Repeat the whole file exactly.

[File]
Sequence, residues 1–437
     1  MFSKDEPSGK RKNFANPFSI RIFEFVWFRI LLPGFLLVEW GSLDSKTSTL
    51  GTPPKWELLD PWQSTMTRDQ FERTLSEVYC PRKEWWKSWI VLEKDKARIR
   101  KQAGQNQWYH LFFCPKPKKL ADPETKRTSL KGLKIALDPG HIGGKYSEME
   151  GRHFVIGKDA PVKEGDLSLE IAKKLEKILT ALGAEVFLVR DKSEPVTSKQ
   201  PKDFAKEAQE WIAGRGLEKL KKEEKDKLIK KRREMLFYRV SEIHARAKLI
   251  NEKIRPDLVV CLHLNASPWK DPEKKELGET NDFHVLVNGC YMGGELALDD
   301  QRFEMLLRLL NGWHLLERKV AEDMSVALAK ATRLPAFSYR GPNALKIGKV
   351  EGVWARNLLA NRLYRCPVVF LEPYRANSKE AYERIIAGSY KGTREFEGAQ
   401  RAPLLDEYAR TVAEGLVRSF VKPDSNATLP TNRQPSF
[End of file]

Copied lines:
Sequence, residues 1–437
     1  MFSKDEPSGK RKNFANPFSI RIFEFVWFRI LLPGFLLVEW GSLDSKTSTL
    51  GTPPKWELLD PWQSTMTRDQ FERTLSEVYC PRKEWWKSWI VLEKDKARIR
   101  KQAGQNQWYH LFFCPKPKKL ADPETKRTSL KGLKIALDPG HIGGKYSEME
   151  GRHFVIGKDA PVKEGDLSLE IAKKLEKILT ALGAEVFLVR DKSEPVTSKQ
   201  PKDFAKEAQE WIAGRGLEKL KKEEKDKLIK KRREMLFYRV SEIHARAKLI
   251  NEKIRPDLVV CLHLNASPWK DPEKKELGET NDFHVLVNGC YMGGELALDD
   301  QRFEMLLRLL NGWHLLERKV AEDMSVALAK ATRLPAFSYR GPNALKIGKV
   351  EGVWARNLLA NRLYRCPVVF LEPYRANSKE AYERIIAGSY KGTREFEGAQ
   401  RAPLLDEYAR TVAEGLVRSF VKPDSNATLP TNRQPSF